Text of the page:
For most hearing impaired people, the inability to properly and precisely communicate with the hearing often leads to frustration, anger, and isolation. Unless a hearing person knows sign language, which is unlikely, the deaf are forced to communicate by pen and paper using a sort of pigeon English.
However, with the advancement of speech and other technologies, several solutions aiming to lower the communication barrier are hitting the market. Considering that there are roughly 250 million deaf people in the world, according to the World Health Organization, this is indeed welcome news.
MotionSavvy, a startup from Alameda, Calif., has just taken the wraps off UNI, an assistive device that features a tablet, smart case, and mobile app. Using gesture and speech recognition, sign language is converted to audio, and spoken word is translated to text in real time without needing a Web connection.
“Every aspect of interaction with a hearing person is difficult, to the point that we feel hopeless,” said Ryan Hait-Campbell, CEO and co-founder of MotionSavvy, in an email. “We feel so hopeless that there is nothing that can be done. We are trying to give deaf people the ability to live the life that they want without any limits.”
Some paedophiles with images of child abuse will escape prosecution, the head of the National Crime Agency has said.
Keith Bristow said expecting all the estimated 50,000 people in the UK who have accessed abuse images to be brought to justice was “not realistic”.
He said police would have to focus on those who posed most risk.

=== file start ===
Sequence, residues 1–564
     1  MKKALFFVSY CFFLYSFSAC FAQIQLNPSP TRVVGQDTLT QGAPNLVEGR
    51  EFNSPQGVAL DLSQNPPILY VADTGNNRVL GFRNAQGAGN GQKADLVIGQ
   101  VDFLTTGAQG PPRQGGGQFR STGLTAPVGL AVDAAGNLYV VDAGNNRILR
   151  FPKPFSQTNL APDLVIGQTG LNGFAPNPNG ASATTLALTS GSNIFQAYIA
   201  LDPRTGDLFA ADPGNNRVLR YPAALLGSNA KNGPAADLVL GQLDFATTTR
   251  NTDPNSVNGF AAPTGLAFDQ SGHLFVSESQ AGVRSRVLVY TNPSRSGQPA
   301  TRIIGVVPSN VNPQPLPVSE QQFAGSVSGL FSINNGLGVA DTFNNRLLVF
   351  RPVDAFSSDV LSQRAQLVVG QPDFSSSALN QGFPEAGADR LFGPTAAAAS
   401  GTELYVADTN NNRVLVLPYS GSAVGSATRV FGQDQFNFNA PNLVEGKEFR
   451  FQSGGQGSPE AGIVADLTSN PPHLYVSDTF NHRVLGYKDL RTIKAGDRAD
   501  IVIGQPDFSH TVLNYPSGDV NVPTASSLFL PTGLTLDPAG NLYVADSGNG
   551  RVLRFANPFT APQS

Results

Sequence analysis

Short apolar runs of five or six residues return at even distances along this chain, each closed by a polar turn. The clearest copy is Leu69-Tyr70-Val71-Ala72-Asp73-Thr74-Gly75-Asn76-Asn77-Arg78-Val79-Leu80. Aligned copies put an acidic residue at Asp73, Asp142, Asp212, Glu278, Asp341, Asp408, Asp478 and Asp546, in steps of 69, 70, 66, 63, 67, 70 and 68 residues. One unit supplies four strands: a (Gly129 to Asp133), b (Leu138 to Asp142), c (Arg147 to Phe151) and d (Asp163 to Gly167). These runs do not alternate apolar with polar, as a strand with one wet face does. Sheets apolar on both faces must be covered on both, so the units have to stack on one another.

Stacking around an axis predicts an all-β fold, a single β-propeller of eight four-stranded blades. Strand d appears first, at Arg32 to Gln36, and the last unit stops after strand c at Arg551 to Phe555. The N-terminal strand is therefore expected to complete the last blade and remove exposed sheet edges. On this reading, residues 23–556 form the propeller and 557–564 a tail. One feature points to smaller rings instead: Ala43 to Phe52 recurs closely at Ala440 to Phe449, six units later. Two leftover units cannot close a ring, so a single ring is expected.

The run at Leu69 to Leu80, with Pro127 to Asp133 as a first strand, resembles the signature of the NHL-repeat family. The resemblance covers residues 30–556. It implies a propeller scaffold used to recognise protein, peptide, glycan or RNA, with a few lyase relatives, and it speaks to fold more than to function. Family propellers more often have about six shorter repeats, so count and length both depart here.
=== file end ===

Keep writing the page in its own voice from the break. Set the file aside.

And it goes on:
Labour called it “disgraceful”, adding that the NCA was not fit for dealing with the problem. The Home Office said all crimes should be investigated.
Some 660 arrests were made during a recent operation targeting people who had accessed child abuse images online.
However, the BBC understands that as part of that investigation, as many as 20,000-30,000 individuals were identified as potential offenders.
Originally posted on Naked Security:
Thanks to Gabor Szappanos of SophosLabs for his work on this article.
You may have heard or seen mention of the latest catchily-named malware attack: “Sandworm.”
The name is rather dramatically borrowed from the famous 1960s science fiction epic Dune, where it refers to a sort of worm-like creature, hundreds or even thousands of metres long and as good as indestructible except with nuclear weapons.
In the current context, the name applies to a strain of malware, announced with fanfare by a security company that claims to have seen it used recently in the wild in targeted attacks.
These attacks are said to have been “used in [a] Russian cyber-espionage campaign targeting NATO, European Union, Telecommunications and Energy sectors.”
That makes the attack used by…
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